Why not end your weekend in Copenhagen with a visit to the royal residences? The area is vast, opulent and ideally located near the water and the Nyhavn. While there isn’t too much to do here it’s worth just taking a snap or two of the area.
Whether or not you’re into beer you’ll find something of interest in this brewery. With long standing roots in Copenhagen and Danish history you’ll learn more than you think you will here. I would strongly suggest doing a tour; either the beer tasting tour or the guided tour. Personally I would gear more towards the tasting. Either way the buildings and architecture is gorgeous, the history rich and the beer tasty!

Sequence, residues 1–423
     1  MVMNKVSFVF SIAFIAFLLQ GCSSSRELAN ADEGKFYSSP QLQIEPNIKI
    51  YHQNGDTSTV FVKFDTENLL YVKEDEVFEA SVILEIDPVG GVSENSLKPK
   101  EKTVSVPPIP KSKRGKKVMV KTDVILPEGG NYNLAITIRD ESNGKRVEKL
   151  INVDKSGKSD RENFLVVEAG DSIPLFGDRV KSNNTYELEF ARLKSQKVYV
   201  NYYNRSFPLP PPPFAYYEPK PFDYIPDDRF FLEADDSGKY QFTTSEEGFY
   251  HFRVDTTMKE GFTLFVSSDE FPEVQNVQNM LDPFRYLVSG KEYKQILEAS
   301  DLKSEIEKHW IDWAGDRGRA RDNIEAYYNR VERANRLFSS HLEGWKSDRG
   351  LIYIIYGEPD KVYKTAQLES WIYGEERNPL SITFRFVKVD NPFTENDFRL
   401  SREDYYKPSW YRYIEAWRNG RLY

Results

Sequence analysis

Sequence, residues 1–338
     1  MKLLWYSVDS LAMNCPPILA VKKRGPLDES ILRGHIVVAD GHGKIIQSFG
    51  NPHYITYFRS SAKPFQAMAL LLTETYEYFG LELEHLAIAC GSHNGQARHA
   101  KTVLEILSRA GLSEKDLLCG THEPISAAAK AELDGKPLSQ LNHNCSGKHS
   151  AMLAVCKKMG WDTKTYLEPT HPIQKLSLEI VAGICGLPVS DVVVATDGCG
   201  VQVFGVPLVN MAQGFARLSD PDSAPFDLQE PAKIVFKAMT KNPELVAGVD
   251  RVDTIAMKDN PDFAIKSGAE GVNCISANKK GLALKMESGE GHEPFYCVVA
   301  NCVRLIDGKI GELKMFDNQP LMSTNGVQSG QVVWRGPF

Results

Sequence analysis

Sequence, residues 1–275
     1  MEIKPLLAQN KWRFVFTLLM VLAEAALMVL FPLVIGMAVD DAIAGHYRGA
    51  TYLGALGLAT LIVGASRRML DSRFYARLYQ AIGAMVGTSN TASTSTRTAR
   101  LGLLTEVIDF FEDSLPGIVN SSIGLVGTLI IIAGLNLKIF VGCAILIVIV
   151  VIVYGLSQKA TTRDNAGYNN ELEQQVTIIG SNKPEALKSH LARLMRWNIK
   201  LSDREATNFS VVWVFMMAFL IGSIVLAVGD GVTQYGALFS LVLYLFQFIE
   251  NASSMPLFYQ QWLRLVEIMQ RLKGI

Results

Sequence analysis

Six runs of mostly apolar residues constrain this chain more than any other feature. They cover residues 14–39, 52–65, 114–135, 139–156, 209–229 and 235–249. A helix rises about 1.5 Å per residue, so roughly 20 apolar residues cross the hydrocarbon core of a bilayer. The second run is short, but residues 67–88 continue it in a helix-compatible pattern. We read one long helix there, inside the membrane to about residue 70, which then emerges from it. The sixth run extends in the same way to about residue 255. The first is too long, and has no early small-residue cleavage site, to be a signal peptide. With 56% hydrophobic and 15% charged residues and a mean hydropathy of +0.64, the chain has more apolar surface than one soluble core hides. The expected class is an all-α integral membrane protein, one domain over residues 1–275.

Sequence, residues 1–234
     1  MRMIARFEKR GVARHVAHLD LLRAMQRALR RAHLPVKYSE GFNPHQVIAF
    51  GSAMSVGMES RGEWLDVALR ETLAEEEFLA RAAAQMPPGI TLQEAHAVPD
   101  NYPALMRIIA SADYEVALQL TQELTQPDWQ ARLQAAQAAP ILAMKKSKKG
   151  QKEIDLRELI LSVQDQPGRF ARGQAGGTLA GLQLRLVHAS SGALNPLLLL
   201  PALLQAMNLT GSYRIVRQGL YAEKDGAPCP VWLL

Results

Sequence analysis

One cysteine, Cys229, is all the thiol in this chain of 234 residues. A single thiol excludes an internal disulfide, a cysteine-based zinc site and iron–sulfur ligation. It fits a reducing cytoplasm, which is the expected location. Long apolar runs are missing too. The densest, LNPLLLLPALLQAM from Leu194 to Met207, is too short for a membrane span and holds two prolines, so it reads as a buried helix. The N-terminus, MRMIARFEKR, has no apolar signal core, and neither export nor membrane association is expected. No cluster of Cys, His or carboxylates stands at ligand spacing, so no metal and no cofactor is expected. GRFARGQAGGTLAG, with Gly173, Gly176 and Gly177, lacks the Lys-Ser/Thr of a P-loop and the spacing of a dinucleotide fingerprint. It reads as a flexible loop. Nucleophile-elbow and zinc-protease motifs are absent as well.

Located a bit on the outskirts of the city, Blispebjerg cemetery is definitely worth the trek out, especially in the springtime. This spot gained popularity after a few Instagram accounts featured the beautiful cherry blossoms and it’s not hard to see why. Take a stroll through the perfectly manicured lawns and trees. Just remember as you’re walking through the massive grounds, it still is a cemetery.
The canal tour is the best thing to do if you’re looking to see most of what Copenhagen has to see quickly. Most of the things I’ve listed on this page are easily seen from a distance through a canal tour. The guides speak many different languages and provide you with some pretty amazing history that I would never have known otherwise.
Where to Stay